New data released next week, which Real Business has been granted early access to, will show that a global surge in innovation is being powered by seed funding from the crowd.
Young, risky and exciting ventures are now able to access capital
From an already high base, rewards crowdfunding grew by more than 20 per cent, according to the “State of the Crowdfunding Nation” report. That figure, based on amount raised, was further bolstered by growth in number of pledges by ten per cent.
"This is an unprecedented phenomenon that couldn't have occurred at any previous time in the history of mankind,” commented the report's lead author Barry James – co-founder of TheCrowdDataCenter.com.
"Not long ago, innovation mostly happened in corporate and university laboratories. Mass adoption of the internet, especially cloud services, has provided a low cost, highly flexible and functional yet accessible infrastructure for all. This makes a huge difference whether you're a tech business or not because this new environment lowers costs and provides access to a global market, plus resources and tools as well as general infrastructure at a level unavailable to even global corporates at the millennium. Now add to that heady mix seed finance from the crowd. This is the next stage, and a new grassroots face, of globalisation".
The "State of the Crowdfunding Nation" report is the first in a new ongoing quarterly series covering more than 300,000 rewards crowdfunds conducted through 2014 and 2015 from all the major global platforms.
During 2015, crowdfunding helped innovators raise £48.9m against a backdrop of £585.4m raised worldwide. A total of 18,000 crowdfunding projects were started in the UK, with 23 per cent of those campaigns reaching the set goal. This resulted in a fundraise average of £11,000.
Technology, design and film projects were where most money was raised, banking £11.6m, £6.4m and £5.1m accordingly.
“Countries seriously interested in promoting entrepreneurship, innovation and jobs need to be looking at these data to see where they can develop core competencies and compliment them with crowdfunding. This represents serious capital injected into an economy that will have a lasting impact,” said Sherwood Neiss, co-founder of Crowd Capital Ventures and the JOBS act.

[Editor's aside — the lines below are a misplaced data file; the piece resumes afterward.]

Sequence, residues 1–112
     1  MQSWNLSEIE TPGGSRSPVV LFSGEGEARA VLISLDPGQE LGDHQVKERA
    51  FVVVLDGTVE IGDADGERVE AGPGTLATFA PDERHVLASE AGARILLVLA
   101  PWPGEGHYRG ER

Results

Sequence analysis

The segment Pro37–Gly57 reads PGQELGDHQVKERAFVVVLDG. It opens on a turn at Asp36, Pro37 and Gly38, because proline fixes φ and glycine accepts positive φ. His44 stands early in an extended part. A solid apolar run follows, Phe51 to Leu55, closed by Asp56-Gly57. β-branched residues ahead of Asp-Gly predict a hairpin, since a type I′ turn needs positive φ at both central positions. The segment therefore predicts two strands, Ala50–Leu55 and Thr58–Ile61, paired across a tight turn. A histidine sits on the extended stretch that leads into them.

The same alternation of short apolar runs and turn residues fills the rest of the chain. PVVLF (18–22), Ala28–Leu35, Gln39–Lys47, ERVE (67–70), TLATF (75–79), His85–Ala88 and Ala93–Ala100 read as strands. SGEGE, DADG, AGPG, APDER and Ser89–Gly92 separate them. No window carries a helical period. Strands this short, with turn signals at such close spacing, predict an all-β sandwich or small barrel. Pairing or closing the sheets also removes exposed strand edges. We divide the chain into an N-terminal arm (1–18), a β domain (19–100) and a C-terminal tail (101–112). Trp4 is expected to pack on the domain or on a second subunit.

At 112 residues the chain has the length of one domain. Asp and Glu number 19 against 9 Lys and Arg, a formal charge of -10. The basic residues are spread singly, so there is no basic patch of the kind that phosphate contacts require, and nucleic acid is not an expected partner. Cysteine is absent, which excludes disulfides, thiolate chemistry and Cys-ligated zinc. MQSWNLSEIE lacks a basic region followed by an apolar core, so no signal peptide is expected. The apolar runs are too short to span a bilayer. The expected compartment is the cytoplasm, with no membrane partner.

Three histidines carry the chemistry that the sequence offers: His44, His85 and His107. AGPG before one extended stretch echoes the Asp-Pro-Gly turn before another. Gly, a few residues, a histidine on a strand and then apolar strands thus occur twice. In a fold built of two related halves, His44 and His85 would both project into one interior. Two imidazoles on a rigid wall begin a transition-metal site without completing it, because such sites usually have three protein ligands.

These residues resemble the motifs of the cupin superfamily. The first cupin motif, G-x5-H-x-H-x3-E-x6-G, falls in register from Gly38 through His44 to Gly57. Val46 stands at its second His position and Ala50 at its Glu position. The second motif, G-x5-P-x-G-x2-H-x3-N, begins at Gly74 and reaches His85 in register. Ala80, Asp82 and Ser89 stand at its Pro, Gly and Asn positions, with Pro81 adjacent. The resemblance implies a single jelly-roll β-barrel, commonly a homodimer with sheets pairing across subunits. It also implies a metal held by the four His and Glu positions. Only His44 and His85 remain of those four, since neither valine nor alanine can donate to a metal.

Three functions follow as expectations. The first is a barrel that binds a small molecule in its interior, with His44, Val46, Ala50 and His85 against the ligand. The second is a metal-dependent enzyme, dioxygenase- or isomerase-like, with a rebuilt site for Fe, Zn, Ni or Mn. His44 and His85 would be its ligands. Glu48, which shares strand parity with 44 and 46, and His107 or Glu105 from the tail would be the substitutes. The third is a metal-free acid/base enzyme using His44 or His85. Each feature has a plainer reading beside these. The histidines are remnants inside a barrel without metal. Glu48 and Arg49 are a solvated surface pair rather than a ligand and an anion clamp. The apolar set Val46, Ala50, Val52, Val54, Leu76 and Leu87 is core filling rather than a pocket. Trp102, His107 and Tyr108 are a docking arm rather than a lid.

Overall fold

"It's difficult to think of a sector of the economy that remains unaffected" commented James "it's early days in some but even some litigation and legal services are now being funded from the crowd".
Kathleen Minogue, founder of LA-based crowdfunding consultancy, Crowdfund Better, said: “This report blows the lid off the picture that the media usually present of crowdfunding as the domain of big tech blockbusters.
“The data explodes this kind of siloed thinking making it clear that crowdfunding is providing seed and growth funding across a wide reach of industries and geographies – and shows no signs of relenting. It points clearly toward crowdfunding as the new must-have skill for emerging entrepreneurs.”
Total funding is estimated at over $1bn with more than $820m from just the top platforms, Kickstarter ($590m) and Indiegogo ($233m). The worldwide total is estimated to be in excess of $1.6bn. TheCrowdDataCenter.com’s James said that this could be as high as double that given the known high levels of additional activity in China and other non-English speaking territories.
If this has whet your appetite but left you wanting more detail, have a look at our comprehensive Q&A with lead author Barry James.